4. Well, when you say “nationalization” of health care, what do you mean? Do you mean a federally-run system like Britain’s NHS? Do you mean federal single payment with the health care delivery handled by state, local, or private providers (more like what you see in some other European countries)? Do you mean a national mandate that states provide health care funding (closer to Canada)?
    The silliness of most discussion of “nationalizing” health care in the US is that nobody ever says what they mean by that – and that word covers a wide range of vastly different approaches.
    We do have some data to look at; specifically, the health programs run by the feds are far more efficient than our private sector, and pretty much every gov’t health program in the western world provides better patient outcomes than ours for less money.
    We don’t like to look at that data, though.

  5. John — I’m reading your comment to say that you support a model like the UK’s NHS — or something similar…?
    I’m going to recycle an earlier comment from TMV:
    The government that brought us FEMA is a bloated, bureaucratic nightmare already — jam-packed with conflicting, self-patronizing, and partisan interests. I have very little confidence in them, generally.
    More: The U.S. has a much, much larger, and more complex, population than Japan or Holland [or the UK, etc.). More importantly, though, this country’s foundational concepts are radically different. Via federalism, we’ve arrived at a different place altogether.

  6. The problem with both Medicare and Medicaid is that they both set “reimbursement” levels somewhat arbitrarily, usually on the basis a standard rate nobody pays, unless they are too rich for Medicaid and too poor to buy insurance.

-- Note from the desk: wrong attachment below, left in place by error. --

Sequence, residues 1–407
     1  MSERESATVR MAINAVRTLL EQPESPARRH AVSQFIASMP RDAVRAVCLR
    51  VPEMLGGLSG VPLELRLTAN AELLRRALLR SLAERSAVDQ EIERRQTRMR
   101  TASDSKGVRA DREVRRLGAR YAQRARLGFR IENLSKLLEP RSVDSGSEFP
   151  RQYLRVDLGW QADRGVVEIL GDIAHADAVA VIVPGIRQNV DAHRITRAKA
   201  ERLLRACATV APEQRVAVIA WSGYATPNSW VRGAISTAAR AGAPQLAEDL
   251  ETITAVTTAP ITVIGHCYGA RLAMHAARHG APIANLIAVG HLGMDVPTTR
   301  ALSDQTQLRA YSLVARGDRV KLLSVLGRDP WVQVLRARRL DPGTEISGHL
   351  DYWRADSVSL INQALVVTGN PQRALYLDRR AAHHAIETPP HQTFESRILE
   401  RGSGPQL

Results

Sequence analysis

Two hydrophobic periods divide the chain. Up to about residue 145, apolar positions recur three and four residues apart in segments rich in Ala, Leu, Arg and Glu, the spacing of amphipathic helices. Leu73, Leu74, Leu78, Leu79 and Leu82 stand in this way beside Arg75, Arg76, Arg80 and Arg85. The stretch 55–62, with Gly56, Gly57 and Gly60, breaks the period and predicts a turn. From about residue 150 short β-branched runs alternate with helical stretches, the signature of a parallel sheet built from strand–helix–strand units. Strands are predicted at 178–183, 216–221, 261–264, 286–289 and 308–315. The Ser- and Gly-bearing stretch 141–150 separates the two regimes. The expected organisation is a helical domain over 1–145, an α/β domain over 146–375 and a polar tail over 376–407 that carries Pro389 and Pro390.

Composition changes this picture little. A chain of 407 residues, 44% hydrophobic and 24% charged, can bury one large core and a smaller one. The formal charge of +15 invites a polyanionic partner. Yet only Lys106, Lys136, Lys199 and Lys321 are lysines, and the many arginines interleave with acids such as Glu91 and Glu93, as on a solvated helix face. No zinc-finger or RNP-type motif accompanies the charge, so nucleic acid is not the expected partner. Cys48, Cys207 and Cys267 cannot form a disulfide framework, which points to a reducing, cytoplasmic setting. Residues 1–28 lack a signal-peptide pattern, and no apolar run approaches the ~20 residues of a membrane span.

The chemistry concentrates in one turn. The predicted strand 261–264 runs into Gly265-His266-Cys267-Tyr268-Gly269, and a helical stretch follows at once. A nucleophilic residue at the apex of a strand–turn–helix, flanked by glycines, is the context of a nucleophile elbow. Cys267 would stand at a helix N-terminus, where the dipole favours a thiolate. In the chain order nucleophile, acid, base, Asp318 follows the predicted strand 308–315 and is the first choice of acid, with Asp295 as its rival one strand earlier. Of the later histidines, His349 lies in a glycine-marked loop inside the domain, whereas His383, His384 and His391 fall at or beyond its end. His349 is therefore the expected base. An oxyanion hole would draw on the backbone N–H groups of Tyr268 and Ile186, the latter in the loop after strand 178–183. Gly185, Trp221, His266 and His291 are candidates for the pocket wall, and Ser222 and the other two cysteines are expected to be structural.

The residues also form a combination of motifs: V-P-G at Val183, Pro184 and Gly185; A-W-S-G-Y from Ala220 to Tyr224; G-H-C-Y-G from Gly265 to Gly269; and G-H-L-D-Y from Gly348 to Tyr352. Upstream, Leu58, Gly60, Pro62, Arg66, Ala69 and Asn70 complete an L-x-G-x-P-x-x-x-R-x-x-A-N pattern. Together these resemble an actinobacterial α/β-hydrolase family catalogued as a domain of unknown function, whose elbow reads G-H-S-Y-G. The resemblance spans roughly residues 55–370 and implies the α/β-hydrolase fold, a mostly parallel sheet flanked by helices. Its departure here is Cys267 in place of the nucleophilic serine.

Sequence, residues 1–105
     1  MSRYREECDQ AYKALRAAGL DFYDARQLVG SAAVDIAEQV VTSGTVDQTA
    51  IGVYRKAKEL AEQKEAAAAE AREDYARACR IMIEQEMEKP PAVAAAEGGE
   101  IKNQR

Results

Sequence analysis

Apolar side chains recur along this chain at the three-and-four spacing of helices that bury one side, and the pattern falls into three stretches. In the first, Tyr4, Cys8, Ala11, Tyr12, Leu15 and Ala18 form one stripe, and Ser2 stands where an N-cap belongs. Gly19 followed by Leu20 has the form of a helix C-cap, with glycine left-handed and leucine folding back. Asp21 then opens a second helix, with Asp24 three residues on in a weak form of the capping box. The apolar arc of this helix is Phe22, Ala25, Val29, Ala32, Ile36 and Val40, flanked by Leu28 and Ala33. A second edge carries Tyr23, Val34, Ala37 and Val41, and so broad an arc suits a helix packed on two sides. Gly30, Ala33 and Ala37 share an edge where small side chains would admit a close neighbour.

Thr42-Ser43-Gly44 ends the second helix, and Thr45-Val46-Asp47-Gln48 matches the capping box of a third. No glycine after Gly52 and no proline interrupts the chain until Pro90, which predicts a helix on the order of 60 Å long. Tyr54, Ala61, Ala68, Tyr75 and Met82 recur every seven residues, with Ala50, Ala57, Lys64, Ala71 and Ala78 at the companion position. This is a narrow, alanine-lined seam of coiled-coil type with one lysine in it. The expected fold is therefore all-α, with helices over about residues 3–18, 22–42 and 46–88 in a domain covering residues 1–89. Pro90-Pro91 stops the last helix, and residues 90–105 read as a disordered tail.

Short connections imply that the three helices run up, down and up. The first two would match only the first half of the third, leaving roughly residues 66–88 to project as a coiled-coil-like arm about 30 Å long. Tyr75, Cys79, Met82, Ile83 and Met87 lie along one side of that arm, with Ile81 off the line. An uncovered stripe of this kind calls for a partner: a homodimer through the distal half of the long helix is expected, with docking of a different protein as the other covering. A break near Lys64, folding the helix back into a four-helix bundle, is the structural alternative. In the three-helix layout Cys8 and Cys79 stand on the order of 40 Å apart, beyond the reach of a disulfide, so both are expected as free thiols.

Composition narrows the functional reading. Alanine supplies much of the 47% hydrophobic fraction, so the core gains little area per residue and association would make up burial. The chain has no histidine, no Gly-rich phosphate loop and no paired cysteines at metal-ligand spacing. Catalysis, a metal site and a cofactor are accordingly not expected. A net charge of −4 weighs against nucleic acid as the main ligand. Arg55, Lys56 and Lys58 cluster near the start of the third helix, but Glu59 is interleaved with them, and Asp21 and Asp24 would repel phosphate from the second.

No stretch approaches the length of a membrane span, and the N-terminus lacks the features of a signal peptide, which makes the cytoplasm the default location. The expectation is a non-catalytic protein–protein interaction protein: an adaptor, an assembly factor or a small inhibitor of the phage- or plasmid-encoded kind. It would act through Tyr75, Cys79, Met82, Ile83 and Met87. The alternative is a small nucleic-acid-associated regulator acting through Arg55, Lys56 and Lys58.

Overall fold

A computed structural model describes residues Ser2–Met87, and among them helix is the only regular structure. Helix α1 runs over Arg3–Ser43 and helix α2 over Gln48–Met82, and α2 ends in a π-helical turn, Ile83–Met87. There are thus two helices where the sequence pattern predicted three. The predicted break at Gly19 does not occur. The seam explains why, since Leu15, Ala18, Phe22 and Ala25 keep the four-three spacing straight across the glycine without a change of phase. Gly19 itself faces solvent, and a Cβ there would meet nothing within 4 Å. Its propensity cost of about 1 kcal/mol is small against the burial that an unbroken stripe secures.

The entire system approaches randomness.

  7. I absolutely do not support a model like the UK’s, and I say that as someone with lots of relatives in the UK. (None of whom, incidentially, would trade the NHS for what we’ve got here.)
    I think a single payer (or limited number of payer) system does make sense – we spend an absurd amount on managing our healthcare bureacracies (in the form of insurance providers). Single payer is vastly more efficient. It could also take the form (seen in some European countries) of a group of insurers who follow strict guidelines about how they function.
    I would not prevent practitioners from providing services directly for a fee outside the system (as Canada does), and there’s one British feature that’s good: private insurance is available for those who wish to pay for it (or get it as a job perk). What I’d like to see is a basic health plan for everybody with simple administration, and the option of buying more services or insurance for those who can and who care to.
    And yes, this means that not everybody gets the same level of health care – but we’ve already got that problem. This would mean that everybody gets regular preventive care and basic services.
    And I expect this would cost less that what we’ve got now, based on the experiences of other countries, who pay dramatically less than us, and (when viewed as a population) often live longer than us, have lower infant death rates than us, etc.
    Which gets to my point: you say “nationalized” and everyone pictures Britain’s NHS. There is plenty of nationalized health care in the world that looks nothing at all like the system in the UK.

  8. As for the US population being much more complicated than the UK’s, I think that’s a highly questionable statement. But that speaks to my point about delivery remaining local.

  9. OK, here’s what got lost in the editing of that last comment: delivery should be what we have now, a combination of local public and private entities – not a centralized provider.

Read Next

Sliding Sidebar